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The late Clare Fischer, best known as a multi-award-winning jazz composer / arranger, also had a classical side, one that is paramount on this engaging album whose themes were written over an extended period of time from Fischer's days as an undergraduate at Michigan State University to his later years as a renowned jazz artist whose extensive body of work has been acclaimed by musicians and fans all over the world.
The portfolio is divided into three parts: first, a three-movement Suite for Cello and String Orchestra, followed by the three-movement "Time Peace" and finally, "Bachludes I and II." The suite's second movement, "The Early Years," was written while Fischer was a student at MSU in East Lansing but was not recorded until 1999, with Cecilia Tsan as soloist. Fischer was so impressed by her virtuosity and comprehension of his musical ideas that he wrote Movements 1 and 3, "After the Rain" and "Finale," especially for Tsan, who recorded them with Fischer's orchestra later that same year. The Suite is sumptuous and seductive, Tsan's performance impeccable.
"Time Piece" was so named because forty-four years elapsed between its conception and consummation. The first half was envisioned and scored in 1953, the second completed in 1987. The opening "Homage" is to Igor Stravinsky, while the "Elegy and Blues," Fischer noted, epitomized his "duality . . . as a composer." The third movement, "Fugue and Finale," is "jazz-like in phrasing but not in choice of notes." Again, the music is elegantly written and would not be in the least out of place in any reputable concert hall. The same can be said of "Bachludes I and II," which use harmonic principles espoused by the great Johann Sebastian Bach as the springboard for a pair of evocative essays for string orchestra.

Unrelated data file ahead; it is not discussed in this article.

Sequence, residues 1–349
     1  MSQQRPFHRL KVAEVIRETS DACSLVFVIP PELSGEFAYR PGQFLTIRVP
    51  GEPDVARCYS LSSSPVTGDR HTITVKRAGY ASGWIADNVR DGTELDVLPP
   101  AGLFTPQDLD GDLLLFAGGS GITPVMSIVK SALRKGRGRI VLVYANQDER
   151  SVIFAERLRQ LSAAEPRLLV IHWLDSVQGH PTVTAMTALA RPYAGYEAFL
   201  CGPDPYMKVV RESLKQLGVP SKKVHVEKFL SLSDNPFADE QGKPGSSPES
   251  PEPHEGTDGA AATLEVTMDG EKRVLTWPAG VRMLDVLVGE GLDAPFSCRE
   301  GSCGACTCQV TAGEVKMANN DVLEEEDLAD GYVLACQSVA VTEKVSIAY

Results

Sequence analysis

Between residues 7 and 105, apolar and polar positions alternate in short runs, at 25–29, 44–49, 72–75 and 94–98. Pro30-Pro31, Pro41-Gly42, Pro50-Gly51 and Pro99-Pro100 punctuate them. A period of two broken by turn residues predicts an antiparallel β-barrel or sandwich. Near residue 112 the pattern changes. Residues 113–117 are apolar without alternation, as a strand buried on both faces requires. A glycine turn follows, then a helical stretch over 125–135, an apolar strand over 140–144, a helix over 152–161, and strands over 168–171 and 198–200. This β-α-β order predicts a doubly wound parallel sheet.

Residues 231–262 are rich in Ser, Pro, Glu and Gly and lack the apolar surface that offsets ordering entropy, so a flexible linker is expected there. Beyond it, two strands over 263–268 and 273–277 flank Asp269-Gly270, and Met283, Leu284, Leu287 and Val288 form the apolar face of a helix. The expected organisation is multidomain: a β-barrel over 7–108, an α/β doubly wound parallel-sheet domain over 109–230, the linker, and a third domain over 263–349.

It can be argued, of course, that this review has no legitimacy on a website devoted to jazzto which we must plead guilty as charged. The album has, however, clearly been described as what it is, a series of classical themes written by a composer whose jazz credentials are exemplary. Those who have heard and appreciated Clare Fischer's music over the years may find his "alter ego" of some interest. Others may not.
Track Listing: Suite for Cello & String Orchestra (After the Rain / The Early Years / Finale); Time Piece (Homage / Elegy and Blues / Fugue and Finale); Bachludes I & II.
Personnel: Dr. Clare Fischer: composer, arranger, conductor; Assa Drori: concert master (1-6); Gerald Vinci: concert master (7, 8); Cecilia Tan: solo cello (1-3); other musicians unlisted.
I love jazz because anything is possible; it has few rules and the best jazz breaks those ones. I prefer free improv because it doesn't really have any rules at all.
I was first exposed to jazz in my teens (in the late sixties).
The first jazz record I bought was Filles de Kilimanjaro by Miles Davis, shortly followed by Extrapolation by John McLaughlin.
My advice to new listeners is to listen as widely as possible and not to make snap judgments--stick with it.